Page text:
Statement from Hoban Law Group on DEA's Classification of CBD as Schedule V Controlled Substance for Epidiolex
Without any regard for Congress, DEA continues to act with seeming reckless abandon and contrary to the express authorizations provided for in Section 7606 of the Agricultural Act of 2014 (the "Farm Bill") and the Ninth Circuit Court of Appeals' order in HIA v. DEA III (April 2018). Even worse, DEA admitted in that case and its own directive that cannabinoids themselves are not controlled substances, yet now espouse an entirely contradictory position.
To be clear, the 2014 Farm Bill provisions authorize the cultivation of industrial hemp, and corresponding budgetary legislation (spending provisions) protects the transport, processing, sale and use of all parts of that hemp across state lines. To this end, the Ninth Circuit Court of Appeals confirmed that Farm Bill hemp is not to be treated as a controlled substance, as the Farm Bill pre-empts the Controlled Substances Act.
Yet, today, DEA published a final order which would place Epidiolex in Schedule V of the Controlled Substances Act, after FDA's approval of Epidiolex in June 2018. However, in re-scheduling Epidiolex, DEA also makes several overreaching statements beyond simply the scheduling of Epidiolex. For example, DEA asserts that all cannabinoids from cannabis (versus when derived from "marihuana" as defined in the CSA) are controlled substances, seemingly contrary to acts of Congress, judicial decisions and DEA's own statements. Yet again, DEA apparently fails to distinguish such products derived from lawful hemp as being exempted from DEA's authority and the CSA.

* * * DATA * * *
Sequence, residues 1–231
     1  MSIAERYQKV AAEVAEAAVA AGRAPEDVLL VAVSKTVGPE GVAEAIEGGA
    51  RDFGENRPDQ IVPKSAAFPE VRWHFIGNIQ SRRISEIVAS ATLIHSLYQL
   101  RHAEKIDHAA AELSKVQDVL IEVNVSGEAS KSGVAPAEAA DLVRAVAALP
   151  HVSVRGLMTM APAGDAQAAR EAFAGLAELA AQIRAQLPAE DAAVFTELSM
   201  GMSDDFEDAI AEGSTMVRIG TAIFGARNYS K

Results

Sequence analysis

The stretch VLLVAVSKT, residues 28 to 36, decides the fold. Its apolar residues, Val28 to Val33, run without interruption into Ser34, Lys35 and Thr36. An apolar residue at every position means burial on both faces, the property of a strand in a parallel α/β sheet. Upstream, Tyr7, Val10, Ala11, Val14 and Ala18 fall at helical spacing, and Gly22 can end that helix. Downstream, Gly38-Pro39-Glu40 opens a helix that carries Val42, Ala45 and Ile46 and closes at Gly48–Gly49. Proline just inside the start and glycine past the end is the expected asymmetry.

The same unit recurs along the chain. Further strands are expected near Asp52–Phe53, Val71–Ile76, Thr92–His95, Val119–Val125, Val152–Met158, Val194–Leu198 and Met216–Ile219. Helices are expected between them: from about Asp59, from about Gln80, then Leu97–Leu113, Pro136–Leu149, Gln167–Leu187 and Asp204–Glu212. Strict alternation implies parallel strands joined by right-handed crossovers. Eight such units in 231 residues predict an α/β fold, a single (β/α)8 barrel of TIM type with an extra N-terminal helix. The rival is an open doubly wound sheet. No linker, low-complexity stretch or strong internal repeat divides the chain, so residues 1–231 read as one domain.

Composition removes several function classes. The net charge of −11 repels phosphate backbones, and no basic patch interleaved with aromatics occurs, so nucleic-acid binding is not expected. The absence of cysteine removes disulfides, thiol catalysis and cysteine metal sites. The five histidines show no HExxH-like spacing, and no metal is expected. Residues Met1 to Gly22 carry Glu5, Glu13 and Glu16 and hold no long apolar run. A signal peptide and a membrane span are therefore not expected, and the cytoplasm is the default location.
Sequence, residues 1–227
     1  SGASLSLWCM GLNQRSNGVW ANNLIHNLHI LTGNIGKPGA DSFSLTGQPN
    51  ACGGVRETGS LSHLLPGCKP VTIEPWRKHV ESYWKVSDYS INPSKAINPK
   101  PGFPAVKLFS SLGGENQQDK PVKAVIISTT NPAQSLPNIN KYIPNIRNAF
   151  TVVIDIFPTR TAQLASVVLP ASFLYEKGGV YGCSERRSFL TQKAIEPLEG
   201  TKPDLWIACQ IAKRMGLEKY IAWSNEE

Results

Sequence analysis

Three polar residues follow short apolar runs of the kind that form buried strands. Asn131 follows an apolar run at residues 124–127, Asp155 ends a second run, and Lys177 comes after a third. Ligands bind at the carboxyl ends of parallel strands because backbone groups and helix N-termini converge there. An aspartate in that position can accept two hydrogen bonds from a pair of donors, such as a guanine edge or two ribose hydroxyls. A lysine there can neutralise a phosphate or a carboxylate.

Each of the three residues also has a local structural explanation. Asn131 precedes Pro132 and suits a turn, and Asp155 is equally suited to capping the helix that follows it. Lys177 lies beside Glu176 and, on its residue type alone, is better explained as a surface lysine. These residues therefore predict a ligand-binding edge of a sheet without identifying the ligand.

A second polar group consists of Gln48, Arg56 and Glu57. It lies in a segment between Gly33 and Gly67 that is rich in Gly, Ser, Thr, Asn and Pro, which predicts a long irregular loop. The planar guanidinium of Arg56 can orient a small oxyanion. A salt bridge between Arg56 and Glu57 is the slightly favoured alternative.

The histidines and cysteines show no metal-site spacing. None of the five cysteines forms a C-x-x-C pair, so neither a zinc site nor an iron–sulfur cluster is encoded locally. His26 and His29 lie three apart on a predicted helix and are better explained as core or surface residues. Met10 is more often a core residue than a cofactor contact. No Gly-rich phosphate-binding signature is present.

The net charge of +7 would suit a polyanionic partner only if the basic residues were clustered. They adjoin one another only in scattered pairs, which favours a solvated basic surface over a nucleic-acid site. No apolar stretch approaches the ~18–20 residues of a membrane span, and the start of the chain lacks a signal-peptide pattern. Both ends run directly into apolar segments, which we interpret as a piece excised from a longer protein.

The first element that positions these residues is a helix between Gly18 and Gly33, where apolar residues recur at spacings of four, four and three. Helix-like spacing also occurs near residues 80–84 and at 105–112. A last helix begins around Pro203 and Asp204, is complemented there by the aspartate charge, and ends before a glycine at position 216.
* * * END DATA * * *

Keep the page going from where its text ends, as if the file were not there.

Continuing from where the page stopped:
While DEA's handling of Epidiolex was expected, the agency's penchant for disregarding the law, court orders and its own admissions and directive regarding the lawfulness of hemp continues unabated.
This action further underscores the importance, perhaps now more than ever before, of Congress working through its dysfunction and enacting the 2018 version of the Farm Bill, despite recent news this week that those efforts may be delayed until after the November mid-term elections. We note, however, that while we expect hemp to be fully protected in the 2018 Farm Bill, it is more so a function of when the 2018 version of the Farm Bill is passed by this dysfunctional Congress.
Given DEA's disregard for legislation, judicial decisions and its own directive regarding hemp, our firm will swiftly evaluate all available options and remedies for judicial action as in prior HIA v. DEA cases as well as any administrative action available in response to this new overly broad DEA action.